DIANA: I can point to one incident that highlights why our partnership worked. Remember the foldables fiasco? [Both laugh].
MARY: Diana's only major misstep was the great foldables caper, which she used to help the students remember the characters in The Crucible. It involved a great deal of construction paper in many colors, scissors, staples, and constant folding. The students spent more time folding than concentrating on the play. It was not successful, but she saw it for herself. If I had told her I didn't think it would work, she wouldn't have believed me.
DIANA: Exactly. Mary let me take a risk, and she let me totally bomb! She never stepped in to "fix" my mistake. Instead, she let me learn from it. I think she ended up respecting me more for taking that risk, humiliating as it was to hear students saying, "This is really confusing. Why are we doing this?"
MARY: You can't discourage novice teachers from experimenting; they need to see for themselves why a certain approach does or doesn't work. After all, that's what we do!
What advice do you have for other experienced and novice teachers about collaboration and the potential for learning from one another?
MARY: I respect anybody who comes into teaching right now. Experienced teachers often forget just how overwhelming these early teaching years are. Be generous! We need to give all the support and encouragement we can.
Give time! It is the most precious asset we have, but it will pay off in the long run as we help develop a talented new crop of teachers who will keep us sharp. Some faculties are much harder to break into than others; older entrenched departments can be intimidating, so we need to make sure we let new teachers know their contributions count.
DIANA: There's so much to learn when you're a new teacher, and it is overwhelming. Our first response is often to work around the clock, instead of reaching out to someone who has been there before. So ask for help.
The other advice I would give is to focus on the positive, celebrating the victories along the way. It is important that we, too, assert ourselves as members of the professional community. Asking for help is one way; sharing our success is another. If we are lucky, as I was with Mary, this can take place within our department, or elsewhere in our school. But it shouldn't end there. I have found great support and encouragement from professional organizations like NCTE [National Council of Teachers of English], ASCD, and my graduate school alumni network.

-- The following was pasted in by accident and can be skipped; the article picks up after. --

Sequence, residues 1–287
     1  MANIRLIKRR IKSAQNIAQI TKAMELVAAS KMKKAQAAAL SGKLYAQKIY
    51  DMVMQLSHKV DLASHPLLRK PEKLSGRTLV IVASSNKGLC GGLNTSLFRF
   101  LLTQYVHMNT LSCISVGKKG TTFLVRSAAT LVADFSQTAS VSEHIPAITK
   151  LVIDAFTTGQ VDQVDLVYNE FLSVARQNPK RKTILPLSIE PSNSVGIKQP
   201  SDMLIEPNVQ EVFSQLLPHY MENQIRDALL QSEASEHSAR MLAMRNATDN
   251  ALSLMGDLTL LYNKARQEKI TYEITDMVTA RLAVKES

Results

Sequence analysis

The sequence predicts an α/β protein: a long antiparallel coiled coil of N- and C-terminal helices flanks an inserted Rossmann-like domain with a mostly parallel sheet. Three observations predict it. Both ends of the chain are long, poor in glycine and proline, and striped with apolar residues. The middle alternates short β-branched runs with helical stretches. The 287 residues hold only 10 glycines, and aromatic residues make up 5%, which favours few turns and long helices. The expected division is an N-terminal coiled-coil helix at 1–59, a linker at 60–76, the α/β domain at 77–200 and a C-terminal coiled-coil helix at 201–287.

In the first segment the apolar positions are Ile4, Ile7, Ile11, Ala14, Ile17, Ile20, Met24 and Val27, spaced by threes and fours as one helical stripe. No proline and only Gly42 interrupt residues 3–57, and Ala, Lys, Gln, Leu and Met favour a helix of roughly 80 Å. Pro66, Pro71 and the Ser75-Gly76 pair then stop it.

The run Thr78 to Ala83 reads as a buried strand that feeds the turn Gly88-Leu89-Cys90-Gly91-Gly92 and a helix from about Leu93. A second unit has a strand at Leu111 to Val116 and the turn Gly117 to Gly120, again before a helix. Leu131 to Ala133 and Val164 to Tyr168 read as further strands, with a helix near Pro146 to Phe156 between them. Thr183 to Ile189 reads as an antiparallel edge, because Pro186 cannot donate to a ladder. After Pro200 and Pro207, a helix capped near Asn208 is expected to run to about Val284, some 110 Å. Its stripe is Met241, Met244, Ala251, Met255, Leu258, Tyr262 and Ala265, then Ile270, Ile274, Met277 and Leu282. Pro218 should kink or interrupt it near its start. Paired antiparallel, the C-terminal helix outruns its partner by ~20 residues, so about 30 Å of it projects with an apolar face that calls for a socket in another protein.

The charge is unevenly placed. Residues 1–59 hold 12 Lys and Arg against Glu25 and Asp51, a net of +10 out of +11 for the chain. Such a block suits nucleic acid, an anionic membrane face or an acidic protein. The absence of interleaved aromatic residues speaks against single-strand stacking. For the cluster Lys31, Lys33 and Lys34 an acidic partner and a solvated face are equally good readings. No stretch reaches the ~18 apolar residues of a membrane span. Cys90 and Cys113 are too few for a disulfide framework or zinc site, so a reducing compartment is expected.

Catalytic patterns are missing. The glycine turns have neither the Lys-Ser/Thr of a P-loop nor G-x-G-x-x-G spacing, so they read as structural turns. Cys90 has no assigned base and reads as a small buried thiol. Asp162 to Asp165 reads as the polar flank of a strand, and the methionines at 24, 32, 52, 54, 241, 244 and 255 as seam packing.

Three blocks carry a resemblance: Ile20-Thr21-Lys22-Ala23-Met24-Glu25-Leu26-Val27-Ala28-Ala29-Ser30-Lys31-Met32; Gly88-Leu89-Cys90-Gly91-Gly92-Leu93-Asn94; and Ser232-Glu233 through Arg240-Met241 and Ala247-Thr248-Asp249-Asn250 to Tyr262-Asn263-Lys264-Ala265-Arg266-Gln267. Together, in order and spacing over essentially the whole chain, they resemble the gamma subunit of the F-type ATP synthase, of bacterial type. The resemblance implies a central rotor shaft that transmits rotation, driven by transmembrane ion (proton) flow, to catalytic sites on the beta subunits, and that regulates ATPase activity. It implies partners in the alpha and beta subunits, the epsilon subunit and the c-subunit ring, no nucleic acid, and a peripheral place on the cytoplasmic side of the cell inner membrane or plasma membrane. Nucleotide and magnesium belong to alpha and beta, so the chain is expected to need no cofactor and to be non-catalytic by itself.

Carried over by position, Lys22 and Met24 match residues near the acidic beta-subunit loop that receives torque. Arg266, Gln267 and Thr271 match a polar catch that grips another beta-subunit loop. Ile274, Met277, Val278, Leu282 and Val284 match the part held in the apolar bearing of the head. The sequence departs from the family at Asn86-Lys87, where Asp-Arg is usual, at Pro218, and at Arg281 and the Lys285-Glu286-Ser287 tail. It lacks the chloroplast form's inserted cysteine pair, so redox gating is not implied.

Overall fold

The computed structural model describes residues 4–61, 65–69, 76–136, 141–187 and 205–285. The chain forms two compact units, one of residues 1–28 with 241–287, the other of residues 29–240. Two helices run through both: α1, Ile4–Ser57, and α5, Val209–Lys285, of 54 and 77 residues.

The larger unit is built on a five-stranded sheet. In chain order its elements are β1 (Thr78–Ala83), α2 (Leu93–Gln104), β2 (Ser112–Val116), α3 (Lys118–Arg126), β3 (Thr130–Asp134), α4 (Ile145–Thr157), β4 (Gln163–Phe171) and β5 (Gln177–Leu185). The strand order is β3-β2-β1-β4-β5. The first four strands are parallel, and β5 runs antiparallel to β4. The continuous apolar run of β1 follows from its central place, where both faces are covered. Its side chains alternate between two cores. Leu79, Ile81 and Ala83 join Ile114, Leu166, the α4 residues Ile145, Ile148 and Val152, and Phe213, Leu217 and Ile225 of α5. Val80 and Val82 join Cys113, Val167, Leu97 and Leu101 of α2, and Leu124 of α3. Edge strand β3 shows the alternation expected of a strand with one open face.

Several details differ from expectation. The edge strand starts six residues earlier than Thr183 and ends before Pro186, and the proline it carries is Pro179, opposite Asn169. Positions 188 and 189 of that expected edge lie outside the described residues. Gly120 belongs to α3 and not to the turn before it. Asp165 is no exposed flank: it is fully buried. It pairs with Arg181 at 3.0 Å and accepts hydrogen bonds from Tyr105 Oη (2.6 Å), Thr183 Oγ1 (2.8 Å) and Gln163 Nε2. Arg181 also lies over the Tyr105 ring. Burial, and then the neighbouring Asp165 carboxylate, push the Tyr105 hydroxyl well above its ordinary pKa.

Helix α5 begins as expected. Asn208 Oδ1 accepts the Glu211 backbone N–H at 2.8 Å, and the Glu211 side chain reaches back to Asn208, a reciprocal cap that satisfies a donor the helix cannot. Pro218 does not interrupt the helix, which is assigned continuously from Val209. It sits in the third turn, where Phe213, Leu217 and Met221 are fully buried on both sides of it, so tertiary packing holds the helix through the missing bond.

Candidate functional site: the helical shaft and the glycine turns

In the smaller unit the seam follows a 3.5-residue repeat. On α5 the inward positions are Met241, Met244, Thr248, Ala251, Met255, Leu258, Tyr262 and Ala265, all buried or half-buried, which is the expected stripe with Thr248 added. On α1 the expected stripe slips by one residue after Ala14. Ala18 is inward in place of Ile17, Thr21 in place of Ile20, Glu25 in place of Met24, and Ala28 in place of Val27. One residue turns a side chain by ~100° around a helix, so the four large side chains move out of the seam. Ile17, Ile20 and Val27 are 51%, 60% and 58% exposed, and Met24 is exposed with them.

MARY: Learning is a lifetime process, and I learned this lesson well during the semester I spent with Diana. Collaborating with all our colleagues, but especially the newest ones, is both necessary and rewarding. It invigorates us and makes us better teachers.
Darling-Hammond, L. (2003). Keeping good teachers: Why it matters, what leaders can do.
Educational Leadership, 60(8), 6–13.
Feiman-Nemser, S. (2003). What new teachers need to learn. Educational Leadership, 60(8), 25–29.
McCreight, C. (2000). Teacher attrition, shortage, and strategies for teacher retention. Retrieved from ERIC database. (ED444986)
Prensky, M. (2006). Listen to the natives. Educational Leadership, 63(4), 8–13.
Shulman, L. (1987). Knowledge and teaching: Foundations of the new reform. Harvard Educational Review, 57(1), 1–22.
Swicegood, P. (2005, Winter). Teachers' efficacy in preparation and retention. Academic Exchange Quarterly, 28. Available:
www.thefreelibrary.com/Teachers' efficacy in preparation and retention.-a0138703695
Heather Lattimer is Assistant Professor in the School of Leadership and Education Sciences at the University of San Diego in California;
firstname.lastname@example.org. Mary McBride is recently retired from La Jolla High School, San Diego Unified School District. Diana Combs is an English teacher at Monta Vista High School in Cupertino, California.